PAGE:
of all sorts, just as Hardy manages all this for us. If they're not, 
spam and a few inconsiderate clods can ruin them (example: 
sci.electronics.design, which is now worthless for its nominal purpose).

As for banning, some newsgroups are also banned. That's not a defect of 
lists, but of inappropriately configured filter software. And as for 
filtering, I can't comment on the Microsoft stuff since I've used linux 
for decades, and Thunderbird for years, but all the mail clients I'm 
familiar with allow me to filter mail messages based on almost any 
criteria I choose.

A particular advantage of lists is that the moderator can format 
digests, so I can see what I want to see (let's leave aside for the 
moment that I actually look at nearly every message -- thanks, Hardy, 
for a stellar job) in related groups, in one inclusive message. Many 
list servers will automatically generate digests, and limited formatting 
is available based on the moderator's configuration selections. I'm not 
aware of any forum that features email digests, or user-configured 
filtering. Granted, I not aware of any fora that are banned, but it's 
quite possible.

I like very much having one place (my mail client) to come to and read 
my personal mail, my professional mail, and my hobby and other interest 
mail. Having to log into a bunch of fora is a hassle I don't want to put 
up with, and it takes a truly pressing interest (along with a lack of 
other means of community communication) to induce me to put up with it. 
I look at blogs, Facebook, Twitter, and all such the same way.

 >Those who have their proverbial heads in the sand should consider
 >embracing change as an evolution and progress, rather than an
 >inconvenience.

Change can be good. Change can be bad. Bad change can be fixed 
(usually). Good change can be ruined (and often is). We all decide what 
we want and how we want to get to it. I echo wholeheartedly Hardy's 
statement that "those who are interested in the features that Ron has to 
offer will register at PlayShakespeare.com just as those who are 
interested in discussing the "authorship question" can do so somewhere 
else." I won't be among them.

[4]-----------------------------------------------------------------
From:       Hardy M. Cook <
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Date:       Tuesday, July 14, 2009
Subject: FYI -- The Future of listserv Technology
Comment:    SHK 20.0370 FYI -- The Future of listserv Technology

Many points have been brought up in today's posts and in private ones I 
have received. I was preparing to address these points individually, but 
I realized that they was no need for me to be defensive and verbose. So 
let me give less comprehensive responses to some of these issues, both 
pro and con.

1. Other technologies are free

This point is an enticing one since I have been paying all of what has 
been required to keep this list operating for many years, and these cost 
are considerable.

[FYI: When we do set up the new site -- I am seriously considering 
finally becoming a corporation (either not for profit or for profit, and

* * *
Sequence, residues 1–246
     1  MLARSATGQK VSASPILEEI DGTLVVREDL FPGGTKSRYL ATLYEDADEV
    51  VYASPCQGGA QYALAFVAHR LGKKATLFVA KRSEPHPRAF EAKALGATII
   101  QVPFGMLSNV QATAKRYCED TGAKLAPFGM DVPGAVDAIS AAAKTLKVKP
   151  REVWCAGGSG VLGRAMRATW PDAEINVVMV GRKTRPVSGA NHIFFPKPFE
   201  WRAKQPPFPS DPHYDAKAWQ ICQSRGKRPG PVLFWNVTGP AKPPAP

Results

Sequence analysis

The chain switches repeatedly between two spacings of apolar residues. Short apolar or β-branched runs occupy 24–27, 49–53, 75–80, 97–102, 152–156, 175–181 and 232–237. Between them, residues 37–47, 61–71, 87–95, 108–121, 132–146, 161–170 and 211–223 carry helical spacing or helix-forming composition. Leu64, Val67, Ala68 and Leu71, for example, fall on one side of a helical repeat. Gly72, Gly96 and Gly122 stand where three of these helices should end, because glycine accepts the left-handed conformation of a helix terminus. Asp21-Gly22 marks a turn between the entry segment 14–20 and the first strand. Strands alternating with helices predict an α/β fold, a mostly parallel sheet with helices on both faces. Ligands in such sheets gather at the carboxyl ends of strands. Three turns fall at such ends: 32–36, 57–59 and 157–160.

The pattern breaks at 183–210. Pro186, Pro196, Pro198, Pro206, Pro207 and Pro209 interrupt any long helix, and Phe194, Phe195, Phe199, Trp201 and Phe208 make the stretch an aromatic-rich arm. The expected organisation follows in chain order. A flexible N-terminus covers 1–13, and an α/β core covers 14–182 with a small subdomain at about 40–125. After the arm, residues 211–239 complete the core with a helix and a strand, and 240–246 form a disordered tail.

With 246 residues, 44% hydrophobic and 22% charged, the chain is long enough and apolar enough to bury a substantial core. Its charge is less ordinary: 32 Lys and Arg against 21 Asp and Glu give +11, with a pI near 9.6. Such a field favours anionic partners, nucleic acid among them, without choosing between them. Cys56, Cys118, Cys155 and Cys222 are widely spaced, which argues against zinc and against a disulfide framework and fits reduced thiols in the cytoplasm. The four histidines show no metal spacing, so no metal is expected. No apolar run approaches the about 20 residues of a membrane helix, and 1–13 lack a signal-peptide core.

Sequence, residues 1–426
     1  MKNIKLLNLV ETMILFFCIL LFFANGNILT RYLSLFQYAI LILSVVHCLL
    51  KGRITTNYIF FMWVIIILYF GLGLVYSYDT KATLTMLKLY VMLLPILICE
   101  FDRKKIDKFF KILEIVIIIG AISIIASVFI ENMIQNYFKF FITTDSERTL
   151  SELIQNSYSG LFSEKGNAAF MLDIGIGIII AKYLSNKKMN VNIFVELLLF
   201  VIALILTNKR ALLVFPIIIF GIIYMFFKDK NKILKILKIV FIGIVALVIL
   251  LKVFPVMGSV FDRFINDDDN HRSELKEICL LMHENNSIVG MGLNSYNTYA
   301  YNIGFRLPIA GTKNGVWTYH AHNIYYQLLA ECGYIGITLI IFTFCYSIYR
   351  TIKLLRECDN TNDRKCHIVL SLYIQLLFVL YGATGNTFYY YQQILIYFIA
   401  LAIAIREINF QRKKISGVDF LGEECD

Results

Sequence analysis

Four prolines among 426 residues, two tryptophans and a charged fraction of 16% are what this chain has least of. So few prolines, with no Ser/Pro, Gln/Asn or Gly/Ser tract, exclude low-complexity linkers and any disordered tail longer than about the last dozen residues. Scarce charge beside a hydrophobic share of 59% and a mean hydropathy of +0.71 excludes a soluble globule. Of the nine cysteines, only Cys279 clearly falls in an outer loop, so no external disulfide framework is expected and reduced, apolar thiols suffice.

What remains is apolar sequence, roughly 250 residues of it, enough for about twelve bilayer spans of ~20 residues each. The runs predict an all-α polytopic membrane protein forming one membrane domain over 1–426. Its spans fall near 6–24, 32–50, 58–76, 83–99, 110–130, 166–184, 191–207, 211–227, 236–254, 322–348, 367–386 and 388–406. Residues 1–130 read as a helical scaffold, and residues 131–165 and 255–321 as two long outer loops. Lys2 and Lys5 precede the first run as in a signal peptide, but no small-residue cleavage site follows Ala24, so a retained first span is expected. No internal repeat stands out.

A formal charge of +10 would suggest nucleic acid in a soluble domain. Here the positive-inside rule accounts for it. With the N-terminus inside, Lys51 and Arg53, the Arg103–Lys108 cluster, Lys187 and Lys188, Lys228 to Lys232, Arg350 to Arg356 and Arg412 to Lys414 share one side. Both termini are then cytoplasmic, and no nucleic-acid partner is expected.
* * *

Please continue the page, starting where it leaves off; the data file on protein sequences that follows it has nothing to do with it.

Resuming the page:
I will probably pay a lawyer to complete the paper work for me since I 
have little patience for legal documents, which normally give me 
migraines.) Becoming a corporation will enable me to be able to accept 
donations -- I don't think that I would ever REQUIRE subscribers to pay 
for the SHAKSPER services; but I have just retired, and I do not feel as 
money-is-no-object generous as I once did. Having something additional 
coming in to help with expenses would be nice.]

2. A number of subscribers have written to me saying they preferred 
having e-mail delivery of the SHAKSPER digests than having to sign in to 
an Internet site as some methods require.

3. Technological difficulties. Having my PC crash could happen to 
anyone; the blocking incidents have been more infuriating to me.

4. Automatic formatting: I have worked hard establishing a look and feel 
for plain text (ASCII) digests -- formatting that I hope creates for 
readers a familiarity they are comfortable with -- and I have not found 
an alternative I am happy with.

5. Blogging, Google Group, Social Networking, or Newsgroups: I simply 
prefer my creating digests to any alternative I have found.

6. Change: I have given much thought to changing to another format, but 
I have decided against doing so. Many members are perfectly happy with 
current arrangement (John Perry's post was just one of many I received). 
With the current arrangements, I can and do give individual attention to 
member needs in ways that I have not found possible with alternatives.

7. Ron Severdia wrote, "I know it's difficult to break out of a 20-year 
habit from one day to the next . . ."

Yes, I have had a life-long struggle with dependency addiction issues 
and with my delusional belief in my ability to control things. I have, 
as a result of my studying of eastern thought in particular Buddhist 
philosophy and Taoism, recently had an epiphany in this regard, 
recognizing that I have no control after all. Nevertheless, right now, I 
simply have no desire to change.

Hardy M. Cook
Editor of SHAKSPER

[PS: A heads up: I am planning to attend over the next few months 
several workshops, retreats, conferences, at the Omega Institute that 
will blessedly take me away from all my concerns for a week or more at a 
time. -HMC]